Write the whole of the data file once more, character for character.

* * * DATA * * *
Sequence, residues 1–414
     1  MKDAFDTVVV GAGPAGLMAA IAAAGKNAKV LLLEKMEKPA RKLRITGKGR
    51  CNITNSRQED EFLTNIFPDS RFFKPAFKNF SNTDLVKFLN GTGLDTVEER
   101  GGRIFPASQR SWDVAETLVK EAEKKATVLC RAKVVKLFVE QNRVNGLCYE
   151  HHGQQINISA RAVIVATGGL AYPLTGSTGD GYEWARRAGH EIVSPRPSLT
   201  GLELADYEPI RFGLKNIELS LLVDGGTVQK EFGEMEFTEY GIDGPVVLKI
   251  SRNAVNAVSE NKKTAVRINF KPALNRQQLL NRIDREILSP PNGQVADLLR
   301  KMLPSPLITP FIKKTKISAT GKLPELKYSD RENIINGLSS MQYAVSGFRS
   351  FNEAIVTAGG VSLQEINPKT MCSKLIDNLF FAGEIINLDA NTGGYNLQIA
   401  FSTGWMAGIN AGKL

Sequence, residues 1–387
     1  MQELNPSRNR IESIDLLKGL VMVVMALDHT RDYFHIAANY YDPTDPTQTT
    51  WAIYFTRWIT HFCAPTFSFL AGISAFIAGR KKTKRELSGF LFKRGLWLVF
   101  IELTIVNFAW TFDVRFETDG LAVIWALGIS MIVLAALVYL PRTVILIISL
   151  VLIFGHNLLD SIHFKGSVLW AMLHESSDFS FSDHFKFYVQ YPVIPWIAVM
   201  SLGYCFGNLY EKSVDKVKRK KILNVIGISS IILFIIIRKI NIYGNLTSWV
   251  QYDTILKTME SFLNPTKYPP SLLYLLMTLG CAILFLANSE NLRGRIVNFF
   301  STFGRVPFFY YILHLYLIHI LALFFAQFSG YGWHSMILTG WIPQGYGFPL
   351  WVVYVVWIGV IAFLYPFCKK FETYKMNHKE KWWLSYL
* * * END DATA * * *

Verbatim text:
Sequence, residues 1–414
     1  MKDAFDTVVV GAGPAGLMAA IAAAGKNAKV LLLEKMEKPA RKLRITGKGR
    51  CNITNSRQED EFLTNIFPDS RFFKPAFKNF SNTDLVKFLN GTGLDTVEER
   101  GGRIFPASQR SWDVAETLVK EAEKKATVLC RAKVVKLFVE QNRVNGLCYE
   151  HHGQQINISA RAVIVATGGL AYPLTGSTGD GYEWARRAGH EIVSPRPSLT
   201  GLELADYEPI RFGLKNIELS LLVDGGTVQK EFGEMEFTEY GIDGPVVLKI
   251  SRNAVNAVSE NKKTAVRINF KPALNRQQLL NRIDREILSP PNGQVADLLR
   301  KMLPSPLITP FIKKTKISAT GKLPELKYSD RENIINGLSS MQYAVSGFRS
   351  FNEAIVTAGG VSLQEINPKT MCSKLIDNLF FAGEIINLDA NTGGYNLQIA
   401  FSTGWMAGIN AGKL

Sequence, residues 1–387
     1  MQELNPSRNR IESIDLLKGL VMVVMALDHT RDYFHIAANY YDPTDPTQTT
    51  WAIYFTRWIT HFCAPTFSFL AGISAFIAGR KKTKRELSGF LFKRGLWLVF
   101  IELTIVNFAW TFDVRFETDG LAVIWALGIS MIVLAALVYL PRTVILIISL
   151  VLIFGHNLLD SIHFKGSVLW AMLHESSDFS FSDHFKFYVQ YPVIPWIAVM
   201  SLGYCFGNLY EKSVDKVKRK KILNVIGISS IILFIIIRKI NIYGNLTSWV
   251  QYDTILKTME SFLNPTKYPP SLLYLLMTLG CAILFLANSE NLRGRIVNFF
   301  STFGRVPFFY YILHLYLIHI LALFFAQFSG YGWHSMILTG WIPQGYGFPL
   351  WVVYVVWIGV IAFLYPFCKK FETYKMNHKE KWWLSYL